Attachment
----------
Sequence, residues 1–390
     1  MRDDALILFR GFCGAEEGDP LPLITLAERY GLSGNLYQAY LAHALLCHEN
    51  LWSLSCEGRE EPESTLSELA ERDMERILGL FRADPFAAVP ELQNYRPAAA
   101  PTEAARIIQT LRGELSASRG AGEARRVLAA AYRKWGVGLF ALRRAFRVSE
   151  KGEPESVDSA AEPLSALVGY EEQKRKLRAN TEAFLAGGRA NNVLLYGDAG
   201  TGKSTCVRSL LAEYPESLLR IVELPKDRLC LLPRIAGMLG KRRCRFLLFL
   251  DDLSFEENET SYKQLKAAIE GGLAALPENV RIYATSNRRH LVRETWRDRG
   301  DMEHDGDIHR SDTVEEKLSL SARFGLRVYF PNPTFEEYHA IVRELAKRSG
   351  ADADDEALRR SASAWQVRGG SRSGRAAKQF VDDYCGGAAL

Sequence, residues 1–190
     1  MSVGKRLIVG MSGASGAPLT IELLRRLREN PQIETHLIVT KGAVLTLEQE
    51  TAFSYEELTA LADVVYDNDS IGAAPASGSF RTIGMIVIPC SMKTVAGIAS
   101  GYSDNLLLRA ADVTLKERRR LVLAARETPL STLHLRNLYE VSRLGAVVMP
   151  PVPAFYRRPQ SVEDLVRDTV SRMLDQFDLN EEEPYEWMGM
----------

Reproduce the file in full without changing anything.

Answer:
Sequence, residues 1–390
     1  MRDDALILFR GFCGAEEGDP LPLITLAERY GLSGNLYQAY LAHALLCHEN
    51  LWSLSCEGRE EPESTLSELA ERDMERILGL FRADPFAAVP ELQNYRPAAA
   101  PTEAARIIQT LRGELSASRG AGEARRVLAA AYRKWGVGLF ALRRAFRVSE
   151  KGEPESVDSA AEPLSALVGY EEQKRKLRAN TEAFLAGGRA NNVLLYGDAG
   201  TGKSTCVRSL LAEYPESLLR IVELPKDRLC LLPRIAGMLG KRRCRFLLFL
   251  DDLSFEENET SYKQLKAAIE GGLAALPENV RIYATSNRRH LVRETWRDRG
   301  DMEHDGDIHR SDTVEEKLSL SARFGLRVYF PNPTFEEYHA IVRELAKRSG
   351  ADADDEALRR SASAWQVRGG SRSGRAAKQF VDDYCGGAAL

Sequence, residues 1–190
     1  MSVGKRLIVG MSGASGAPLT IELLRRLREN PQIETHLIVT KGAVLTLEQE
    51  TAFSYEELTA LADVVYDNDS IGAAPASGSF RTIGMIVIPC SMKTVAGIAS
   101  GYSDNLLLRA ADVTLKERRR LVLAARETPL STLHLRNLYE VSRLGAVVMP
   151  PVPAFYRRPQ SVEDLVRDTV SRMLDQFDLN EEEPYEWMGM